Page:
July 6th 2023
Thursday. Humid/Hazy. 91°
River settling, still high, but clear
4:30-7PM Battenkill, near Pooks
I was in one of my favorite spots to cast, under an Ash tree that reaches over the edge of the bank and hides ancient slabs of river rocks, the kind of place that might as well have a flashing-neon sign in the shape of a trout pointing to it. Fish were rising around me, so I knew they were there.
The water was up to my thighs. It felt so good against my skin. It was a hot one, with midday temps reaching the mid nineties. I had spent most of it outdoors in the heat, tending the gardens and repairing the lamb's fencing. I was sweating buckets, cursing the power outage that made it impossible to work on freelance indoors beside a fan.
I was very proud of the work in the garden, now free of (most of) the weeds and the lawn trimmed down around it. Everything felt more civilized. The lambs were grazing inside their fence, instead of escaping outside of it, and there was a bucolic happiness and sense of accomplishment in the air, as heavy and lovely as the humidity. So, when the farm was settled and the chores were done, and everyone from the youngest chick to my old pony was quietly enjoying their dinner, I headed to the Battenkill to fish.
Which is how I ended up in this favorite spot, under the giant Ash. The water temp was still cool enough for catch and release, thanks to the deluge of rain over the holiday weekend, but it probably wouldn’t be by noon tomorrow. So I took advantage of the summer evening. Tonight this river was mine.
I cast and cast, but nothing bites. I don’t care. I will cast for hours, catching a fish is just icing. Above me, not 10 feet over my hat brim, a young cedar waxwing watches me with mild interest. I love those birds. I associate waxwings, brown trout, and sycamores as the triple deities of this river. I watch him strut about the ash branch, and catch the striking yellow tip of his tail in the magic hour light. Watch him smirk at me, if a bird can smirk, in his raccoon masked face. A fish rises right next to me close enough to make me jump. I swear out loud, laugh, knowing that in this heat and on this night catching a glimpse of a rising wild trout might be all I catch. I wish I had brought some binoculars for bird watching.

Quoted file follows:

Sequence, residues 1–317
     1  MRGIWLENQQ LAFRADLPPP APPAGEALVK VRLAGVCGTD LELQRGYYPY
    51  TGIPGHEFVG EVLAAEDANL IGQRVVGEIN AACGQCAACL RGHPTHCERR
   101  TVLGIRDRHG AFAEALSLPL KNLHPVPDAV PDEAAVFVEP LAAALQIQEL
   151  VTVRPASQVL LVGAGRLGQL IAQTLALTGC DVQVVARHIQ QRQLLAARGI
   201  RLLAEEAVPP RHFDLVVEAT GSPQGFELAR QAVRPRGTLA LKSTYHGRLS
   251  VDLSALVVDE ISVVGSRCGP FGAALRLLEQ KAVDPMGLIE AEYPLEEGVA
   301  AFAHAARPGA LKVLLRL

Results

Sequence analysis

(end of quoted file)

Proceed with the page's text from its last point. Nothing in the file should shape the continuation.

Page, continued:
Occasional canoes and small boats paddle by, some of them rigged with spinning reels. A dumpling of a man in a giant bucket hat and sunglasses floats past me in his kayak, dragging his spin-rod bobber behind him. He looks like a bear in a Pixar movie. I smile. These people are not serious anglers. Not that you have to be to fish out here. The river is as much his as the waxwings; but I was still insulted on behalf of the trout.
When the weather got too much I’d make my way to the bank and take off my hat and glasses, remove my 10-year-old Orvis sling pack with the rubber trout zipper pulls (my favorite touch) and my sun shirt. It’s a giant polyester button down I got off the sale rack at Tractor Supply 7 years ago for $4.99 and it’s still the best fishing shirt I own. Light and airy, dries in minutes, protects my already sunburned shoulders from the garden.
I set down my rod on the bank and dive into the water. I am in a sports bra and shorts and finally not ashamed of my body. It does amazing things and it's all I've got. It took me 40 years to love her, the poor thing.